Policy decisions for the Saturday Market are made by the Board of Directors with the help of the Saturday Market Standards Committee and Budget Committee. The Board consists of nine members elected by the Committee. Each member serves for 18 months and may be reelected once. Three new Board members are selected every six months so that the membership rotates, and there are always some old and some new members. It is desirable to have the Market vendors as well. as the community at large represented on the Board. There is a Board Executive Director elected by the members for one year, and a Treasurer.
The Board continues to meet during the winter when the Market is not in session. it hires the staff, which at this writing-consists of a Director, Administrative Assistant/Financial Coordinator, Promotions Coordinator, one Saturday Worker and two set-up/take-down workers, and the Farmer's Market Manager. The Board also sets the salary for the staff, a budget and fee schedule, as recommended by the Budget Committee. The Standards Committee generally decides whether questionable items may or may not be sold at the Market.
The general philosophy is that a strong staff is essential to the continued growth of the organization. A commitment towards maintaining quality staff members is indicated by the Board's offer of a two-year contract to the present Director, a position which has always been on a one-year basis. The Director is in overall charge of carrying out Market policy, particularly in relation to the community at large. Intent to offer salaries which are more in line with maintaining a strong staff has been a priority of the Board in more recent years.
Christmas of 1981 was our first week-long Market. Much advertisement went into this special event. Extreme bad weather resulted in low attendance for both vendors and customers.
April 1982, our thirteenth Season, business started out better than it had ended at Christmas. By the end of the first month of operation the Market had recovered from the debts left from its disastrous Christmas week. But before the marketeers had a chance to celebrate being in the black, on May 2 an arsonist set fire to all the Market's operational equipment, including information kiosk, stages, tarps, banners and signs. Insurance didn't cover the losses which were total, as the equipment was stored in an open area in the basement of the parking lot. Unable to store equipment there any longer, the Market bought its first vehicle, a 1948 1/2 ton flatbed truck on which it stores all its equipment, in a garage site which is locked and insured. With limited funds to advertise, due to additional expenses to recover from the fire, both vendor and customer population began to dwindle. As the year went on, overall vendor count dropped to an all time low. The parking lot looked too big for the number of participants.
The Market worked with the city and county representatives to relocate to the Park Blocks at 8th & Oak, the current location, where the space looks filled with 100-125 vendors (it took 200-250 to fill the parking lot). We currently approach capacity on most days, the site is very attractive, much more visible to traffic, and vendor count is increasing as well as vendor sales.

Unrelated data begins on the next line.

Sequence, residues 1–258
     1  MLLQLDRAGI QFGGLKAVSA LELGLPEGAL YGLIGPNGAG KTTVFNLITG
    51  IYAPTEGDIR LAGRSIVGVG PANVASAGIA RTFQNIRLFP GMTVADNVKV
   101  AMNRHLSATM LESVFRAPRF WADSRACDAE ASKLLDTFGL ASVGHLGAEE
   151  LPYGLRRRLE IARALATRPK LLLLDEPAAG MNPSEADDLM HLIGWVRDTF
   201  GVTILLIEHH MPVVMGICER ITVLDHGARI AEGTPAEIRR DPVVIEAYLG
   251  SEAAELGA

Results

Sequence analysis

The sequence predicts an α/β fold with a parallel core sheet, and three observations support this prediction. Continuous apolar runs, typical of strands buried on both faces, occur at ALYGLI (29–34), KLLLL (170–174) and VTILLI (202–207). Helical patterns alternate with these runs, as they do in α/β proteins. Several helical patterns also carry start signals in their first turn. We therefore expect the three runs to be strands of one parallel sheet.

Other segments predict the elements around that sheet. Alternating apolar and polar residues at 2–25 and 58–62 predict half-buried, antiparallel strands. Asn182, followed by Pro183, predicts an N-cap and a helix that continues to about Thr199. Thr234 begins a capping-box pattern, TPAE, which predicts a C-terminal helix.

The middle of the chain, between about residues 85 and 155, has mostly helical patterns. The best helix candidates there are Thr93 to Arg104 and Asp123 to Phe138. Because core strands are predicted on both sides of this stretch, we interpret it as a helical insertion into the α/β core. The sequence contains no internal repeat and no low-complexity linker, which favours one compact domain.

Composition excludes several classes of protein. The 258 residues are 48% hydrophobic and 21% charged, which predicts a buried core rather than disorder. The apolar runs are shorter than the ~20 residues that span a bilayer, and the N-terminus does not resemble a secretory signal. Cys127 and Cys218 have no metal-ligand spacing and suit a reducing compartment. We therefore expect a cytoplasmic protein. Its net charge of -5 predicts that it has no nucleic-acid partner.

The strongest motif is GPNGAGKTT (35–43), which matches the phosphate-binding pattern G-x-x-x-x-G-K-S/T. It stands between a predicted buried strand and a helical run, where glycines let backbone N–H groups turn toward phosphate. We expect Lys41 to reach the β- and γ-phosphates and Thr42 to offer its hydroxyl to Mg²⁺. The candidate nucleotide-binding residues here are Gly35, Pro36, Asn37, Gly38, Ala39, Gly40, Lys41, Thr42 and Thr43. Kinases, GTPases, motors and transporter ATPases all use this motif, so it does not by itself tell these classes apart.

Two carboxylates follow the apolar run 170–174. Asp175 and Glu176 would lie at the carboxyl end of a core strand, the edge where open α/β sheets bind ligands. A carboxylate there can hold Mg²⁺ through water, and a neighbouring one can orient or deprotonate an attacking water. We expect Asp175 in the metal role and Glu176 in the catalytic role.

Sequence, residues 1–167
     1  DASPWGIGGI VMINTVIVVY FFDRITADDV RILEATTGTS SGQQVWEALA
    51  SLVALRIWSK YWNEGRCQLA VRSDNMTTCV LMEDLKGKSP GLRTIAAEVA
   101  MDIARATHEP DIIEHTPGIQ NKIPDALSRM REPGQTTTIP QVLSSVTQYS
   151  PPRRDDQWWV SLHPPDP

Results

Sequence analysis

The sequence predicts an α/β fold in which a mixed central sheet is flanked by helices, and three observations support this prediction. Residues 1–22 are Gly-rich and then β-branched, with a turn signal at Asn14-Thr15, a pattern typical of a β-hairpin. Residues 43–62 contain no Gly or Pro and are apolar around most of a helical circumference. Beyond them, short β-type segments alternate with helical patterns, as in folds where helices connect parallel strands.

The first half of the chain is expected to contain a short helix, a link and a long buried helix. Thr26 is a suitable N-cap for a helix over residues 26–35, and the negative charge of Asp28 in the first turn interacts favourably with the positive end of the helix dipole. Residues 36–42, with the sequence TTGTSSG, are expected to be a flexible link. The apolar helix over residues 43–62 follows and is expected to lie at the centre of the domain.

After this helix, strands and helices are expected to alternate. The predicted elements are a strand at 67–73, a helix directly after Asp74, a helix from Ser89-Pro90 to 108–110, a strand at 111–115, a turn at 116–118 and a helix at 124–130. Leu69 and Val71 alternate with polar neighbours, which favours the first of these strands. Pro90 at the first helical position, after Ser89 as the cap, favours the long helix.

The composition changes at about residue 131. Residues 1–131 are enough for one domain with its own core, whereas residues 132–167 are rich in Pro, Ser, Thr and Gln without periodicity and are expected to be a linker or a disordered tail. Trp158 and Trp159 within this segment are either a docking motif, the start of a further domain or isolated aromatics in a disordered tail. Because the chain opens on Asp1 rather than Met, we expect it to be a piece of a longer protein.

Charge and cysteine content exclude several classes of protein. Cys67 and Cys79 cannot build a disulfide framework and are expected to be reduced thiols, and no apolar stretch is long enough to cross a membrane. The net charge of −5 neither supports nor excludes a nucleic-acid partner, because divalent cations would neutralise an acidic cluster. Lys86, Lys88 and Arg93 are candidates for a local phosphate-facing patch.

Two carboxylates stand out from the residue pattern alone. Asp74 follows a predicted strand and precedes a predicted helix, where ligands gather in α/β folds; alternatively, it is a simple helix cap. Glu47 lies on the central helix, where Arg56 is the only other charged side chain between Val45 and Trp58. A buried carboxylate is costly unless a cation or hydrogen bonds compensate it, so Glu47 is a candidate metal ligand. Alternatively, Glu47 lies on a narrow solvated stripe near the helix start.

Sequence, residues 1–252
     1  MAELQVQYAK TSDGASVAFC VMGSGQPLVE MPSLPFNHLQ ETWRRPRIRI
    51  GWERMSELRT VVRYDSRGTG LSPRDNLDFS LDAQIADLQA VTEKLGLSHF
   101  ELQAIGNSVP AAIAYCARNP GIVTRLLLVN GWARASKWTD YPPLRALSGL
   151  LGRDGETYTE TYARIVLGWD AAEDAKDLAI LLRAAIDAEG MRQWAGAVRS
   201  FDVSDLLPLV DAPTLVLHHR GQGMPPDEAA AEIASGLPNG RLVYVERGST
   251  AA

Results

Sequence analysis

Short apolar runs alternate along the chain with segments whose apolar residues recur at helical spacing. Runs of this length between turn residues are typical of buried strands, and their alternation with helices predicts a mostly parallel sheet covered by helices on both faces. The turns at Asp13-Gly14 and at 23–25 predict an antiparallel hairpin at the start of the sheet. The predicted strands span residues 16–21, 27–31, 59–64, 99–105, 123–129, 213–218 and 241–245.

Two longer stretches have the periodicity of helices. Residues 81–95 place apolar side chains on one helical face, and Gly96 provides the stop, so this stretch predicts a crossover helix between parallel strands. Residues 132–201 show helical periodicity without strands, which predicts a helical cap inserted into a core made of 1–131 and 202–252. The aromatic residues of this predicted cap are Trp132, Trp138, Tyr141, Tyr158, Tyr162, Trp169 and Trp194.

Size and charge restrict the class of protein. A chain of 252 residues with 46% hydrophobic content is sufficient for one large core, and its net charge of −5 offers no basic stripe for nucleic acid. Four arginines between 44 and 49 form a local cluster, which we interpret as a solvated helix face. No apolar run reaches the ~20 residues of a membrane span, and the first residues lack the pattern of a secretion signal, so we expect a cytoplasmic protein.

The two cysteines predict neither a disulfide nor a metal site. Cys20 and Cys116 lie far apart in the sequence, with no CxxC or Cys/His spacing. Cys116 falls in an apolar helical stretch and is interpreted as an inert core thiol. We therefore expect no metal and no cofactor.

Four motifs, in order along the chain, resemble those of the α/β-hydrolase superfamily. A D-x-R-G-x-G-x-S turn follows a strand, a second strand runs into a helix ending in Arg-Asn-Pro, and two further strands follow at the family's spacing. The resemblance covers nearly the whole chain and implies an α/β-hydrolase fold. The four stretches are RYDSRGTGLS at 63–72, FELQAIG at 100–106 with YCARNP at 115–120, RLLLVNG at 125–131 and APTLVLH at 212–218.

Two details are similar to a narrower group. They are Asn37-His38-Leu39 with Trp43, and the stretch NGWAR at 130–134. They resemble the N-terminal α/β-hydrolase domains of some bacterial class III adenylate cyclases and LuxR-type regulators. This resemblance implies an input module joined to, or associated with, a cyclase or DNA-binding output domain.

|Introduction| |Early History| |Growth| |Problems| |Basic Principles|
We who have worked with the Saturday Market in Eugene have found it an exciting and rewarding experience, and we would like to recommend it to other communities. The Market here is doing what we hoped--helping to revitalize the downtown area, bringing together makers and consumers of local crafts, as well as bringing locally grown fruits, vegetables, flowers and plants into town. In addition, the Market has done much more: it has fostered local pride and given a lot of people something exciting to do on Saturdays. It has justified the belief that the work of one's hands is of value, and has encouraged the craftspeople to improve their product and its presentation. The Market is a great place for the exchange of information about how to do things, where to get supplies, etc. By selling at the Market, a number of people have been able to survive without applying for public assistance. Numerous businesses have started at Saturday Market and gone on to full time operations elsewhere in Eugene and, in many cases, throughout the United States.
The Market has become a meeting place for the whole community; it is where one meets friends, takes visitors, passes petitions, in addition, of course, to buying birthday and Christmas presents, and so on, Non profit community groups are able to disseminate information with free booth space provided. Quality entertainment has become much more of a focal point for bringing local residents back time and again. Craft demonstrations are becoming more a part of weekly attractions as the market strives towards providing an ongoing educational experience as well. The Market has had some influence on statewide legislation regarding the sale of baked goods. Members of the staff and the Board have been invited to talk to classes at the University of Oregon about various aspects of the market which concerns them, and the Market has been the subject of numerous high school and college term papers and architectural projects.
In Eugene the Saturday Market is now an institution. It enters casually into conversations: "I bought it at the Saturday Market;" "See you at the Saturday Market;" and (to a newcomer) "Have you been to the Saturday Market?" We think the Market has been good for our town and feel sure it could be good for others.
|Introduction| |Early History| |Growth| |Problems| |Basic Principles| |Organization|